This Land:
A Cross-Country Anthology of Canadian Fiction for Young Readers

320 pages,
ISBN: 0670878960

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Children`s Books
by Julie Glazer

Kit Pearson's This Land, an outstanding new anthology of stories by Canadian children's authors linked thematically through landscape, exceeds expectations. As a young child I hated anthologies. Often the source was unnamed and impossible to find; I was left frustrated and dissatisfied. Happily this is not the case here. Brief biographies of the authors, as well as the sources of all the excerpts, are included at the end.

To a young reader, Canada's vastness and diversity must be incomprehensible. How better to come to some understanding of the country's complexity than through stories? For many of us, our first knowledge of the Canadian landscape came through the works of our painters: Lawren Harris, Tom Thomson, Emily Carr, and others. But our understanding of the people who inhabit that landscape came through the early novels we read: those of L. M. Montgomery, Farley Mowat, James Houston-all authors whose works are included in this anthology. In stories, distance dissolves as landscape begins to evolve in our imaginations and the people who inhabit that landscape become known to us.

In her perceptive introduction, Kit Pearson states that in fiction, setting plays a much lesser role than character and story. But she contradicts herself when she states that place is another character in a story. I agree more with this second statement and Pearson's selections prove the point. What would Budge Wilson's story "Dreams" have been without its setting of a small fishing village on the south shore of Nova Scotia? What would Celia Lottridge's prairie novel Ticket to Curlew have been without the "great tilting circle with an arching blue sky overhead"? Or would Janet McNaughton in To Dance at the Palais Royale have had the same story without the Toronto harbour that "shimmered blue and cool between the island and the hot city"? Above all, place often defines who we are. This can't be said better than by James Houston in the last selection here. His character Tikta'liktak has just returned from being marooned on an ice floe. "In Tikta'liktak's mind's eye there arose a shining vision of his island home. Sakkiak now seemed to him a warm and friendly place, for it had become a part of his life, a part of himself."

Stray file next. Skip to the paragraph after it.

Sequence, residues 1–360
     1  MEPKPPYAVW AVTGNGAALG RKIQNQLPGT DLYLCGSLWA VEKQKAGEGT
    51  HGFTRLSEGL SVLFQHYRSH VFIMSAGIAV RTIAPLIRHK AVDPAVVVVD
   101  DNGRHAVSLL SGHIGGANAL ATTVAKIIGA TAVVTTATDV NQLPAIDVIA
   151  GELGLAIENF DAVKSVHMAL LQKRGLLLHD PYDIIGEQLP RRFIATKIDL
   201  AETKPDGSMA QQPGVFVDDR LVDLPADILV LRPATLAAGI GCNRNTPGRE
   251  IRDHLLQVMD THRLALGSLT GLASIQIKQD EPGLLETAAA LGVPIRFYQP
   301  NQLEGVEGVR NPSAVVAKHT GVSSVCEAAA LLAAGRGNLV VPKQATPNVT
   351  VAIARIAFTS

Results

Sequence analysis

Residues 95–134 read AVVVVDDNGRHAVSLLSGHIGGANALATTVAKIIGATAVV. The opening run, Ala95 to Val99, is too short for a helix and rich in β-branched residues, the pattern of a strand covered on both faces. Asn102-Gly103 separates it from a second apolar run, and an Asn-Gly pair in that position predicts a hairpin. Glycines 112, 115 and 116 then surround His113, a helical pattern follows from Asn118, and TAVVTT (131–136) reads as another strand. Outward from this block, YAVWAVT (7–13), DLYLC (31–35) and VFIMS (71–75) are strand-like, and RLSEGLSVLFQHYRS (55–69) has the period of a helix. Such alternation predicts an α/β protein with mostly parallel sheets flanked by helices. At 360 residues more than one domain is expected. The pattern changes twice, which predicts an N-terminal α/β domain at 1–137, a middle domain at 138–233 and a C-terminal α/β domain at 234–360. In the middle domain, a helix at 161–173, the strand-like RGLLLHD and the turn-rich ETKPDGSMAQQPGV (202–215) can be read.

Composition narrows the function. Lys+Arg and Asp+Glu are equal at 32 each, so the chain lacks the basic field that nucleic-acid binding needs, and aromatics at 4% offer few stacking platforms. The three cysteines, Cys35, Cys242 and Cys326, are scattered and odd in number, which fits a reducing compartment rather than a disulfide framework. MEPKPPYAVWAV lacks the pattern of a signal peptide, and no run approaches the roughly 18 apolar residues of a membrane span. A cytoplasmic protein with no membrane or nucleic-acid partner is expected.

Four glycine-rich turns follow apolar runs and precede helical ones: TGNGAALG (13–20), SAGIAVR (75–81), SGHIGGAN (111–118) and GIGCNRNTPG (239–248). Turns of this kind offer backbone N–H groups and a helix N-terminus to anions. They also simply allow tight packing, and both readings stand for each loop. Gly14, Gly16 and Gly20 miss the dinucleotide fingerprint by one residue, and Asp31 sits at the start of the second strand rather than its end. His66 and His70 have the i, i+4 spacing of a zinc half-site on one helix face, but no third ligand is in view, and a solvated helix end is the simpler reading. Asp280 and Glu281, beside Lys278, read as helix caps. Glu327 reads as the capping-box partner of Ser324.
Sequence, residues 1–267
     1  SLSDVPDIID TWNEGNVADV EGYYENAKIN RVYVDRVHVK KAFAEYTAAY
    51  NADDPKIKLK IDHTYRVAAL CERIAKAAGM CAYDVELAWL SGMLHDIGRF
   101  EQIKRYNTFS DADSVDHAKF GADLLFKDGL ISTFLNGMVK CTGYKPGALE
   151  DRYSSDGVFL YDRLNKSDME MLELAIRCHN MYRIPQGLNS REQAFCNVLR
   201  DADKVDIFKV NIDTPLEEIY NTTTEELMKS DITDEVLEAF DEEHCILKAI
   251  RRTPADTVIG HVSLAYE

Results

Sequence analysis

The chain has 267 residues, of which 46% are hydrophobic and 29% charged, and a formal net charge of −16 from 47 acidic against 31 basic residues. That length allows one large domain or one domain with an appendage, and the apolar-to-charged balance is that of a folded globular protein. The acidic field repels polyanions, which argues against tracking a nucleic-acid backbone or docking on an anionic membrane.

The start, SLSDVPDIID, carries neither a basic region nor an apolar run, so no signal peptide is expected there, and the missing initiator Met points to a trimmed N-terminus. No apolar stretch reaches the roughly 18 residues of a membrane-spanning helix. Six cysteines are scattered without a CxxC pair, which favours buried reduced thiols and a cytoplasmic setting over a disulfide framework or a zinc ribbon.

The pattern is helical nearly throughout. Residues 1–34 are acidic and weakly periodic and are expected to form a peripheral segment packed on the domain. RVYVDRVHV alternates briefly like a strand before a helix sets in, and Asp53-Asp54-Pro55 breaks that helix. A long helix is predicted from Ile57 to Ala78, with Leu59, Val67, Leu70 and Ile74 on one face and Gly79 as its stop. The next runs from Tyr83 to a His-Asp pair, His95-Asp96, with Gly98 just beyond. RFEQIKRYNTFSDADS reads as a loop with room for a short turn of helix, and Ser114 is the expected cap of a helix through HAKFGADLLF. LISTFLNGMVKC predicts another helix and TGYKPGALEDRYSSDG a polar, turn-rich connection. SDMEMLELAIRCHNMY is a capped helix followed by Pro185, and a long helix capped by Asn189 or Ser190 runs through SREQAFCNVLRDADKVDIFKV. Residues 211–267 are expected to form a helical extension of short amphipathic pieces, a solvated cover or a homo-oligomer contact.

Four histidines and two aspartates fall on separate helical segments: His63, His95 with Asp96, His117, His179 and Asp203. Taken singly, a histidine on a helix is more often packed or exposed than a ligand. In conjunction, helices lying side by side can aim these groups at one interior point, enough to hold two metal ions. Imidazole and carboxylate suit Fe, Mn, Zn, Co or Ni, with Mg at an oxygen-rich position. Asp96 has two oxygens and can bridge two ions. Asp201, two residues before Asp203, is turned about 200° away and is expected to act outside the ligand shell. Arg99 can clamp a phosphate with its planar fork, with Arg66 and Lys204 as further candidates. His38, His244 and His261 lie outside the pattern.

But there is history as well as geography in Pearson's book. Paul Yee's story, "Spirits of the Railway", tells of the plight of the Chinese who worked on the railroad; Shirley Sterling's My Name is Seepeetza is about a Native child dealing with life in a residential school; Joan Clark's The Dream Carvers tells of the early history of Newfoundland. The selections begin on the West Coast, are divided by province, and travel east across the country, spanning mountains and prairies and sea, chronicling urban and rural life. Most of the stories are excerpts from well-known novels; a few are short stories. There is variety of genre: humour, romance, fantasy, legend, realism, adventure, and historical fiction.

The strength of this anthology lies in the quality of the writing. Pearson has obviously thought very carefully about her choices. She has chosen our finest children's authors and most of the selections are from these authors' best work. There is a chapter from Kevin Major's great novel Hold Fast; from Brian Doyle's Angel Square; from Janet Lunn's Shadow in Hawthorne Bay. How lucky we are in Canada to have so many fine children's authors. My only reservation is that I wish that some poetry had been included-perhaps Meguido Zola's "Canadian Indian Place Names", Ian Young's "Fear of the Landscape", bill bissett's "dream of northern skies", Dennis Lee's "Bundle-buggy Boogie". Not only would that allow for variety of form, but the design of the book would be more varied and perhaps make it less intimidating to young eyes. Illustrations throughout the text might also have made it less intimidating. The cover is attractive, however, and I like the section headings illustrated with the boundaries of the provincial.

I believe, as Pearson hopes, that children who read these excerpts will seek out the novels from which they are taken. This is an important book and I hope that not only parents and grandparents will buy it, but that it will soon appear in a trade edition so that teachers can use it in their classrooms. Not just to read aloud, but also as a tool for teaching the patterns of landscape and history that both unite and divide our great country. 

Julie Glazier is English ESL Curriculum Advisor, Toronto District School Board. She unashamedly enjoys children's and teenagers' books, and not only because they are useful in her job.


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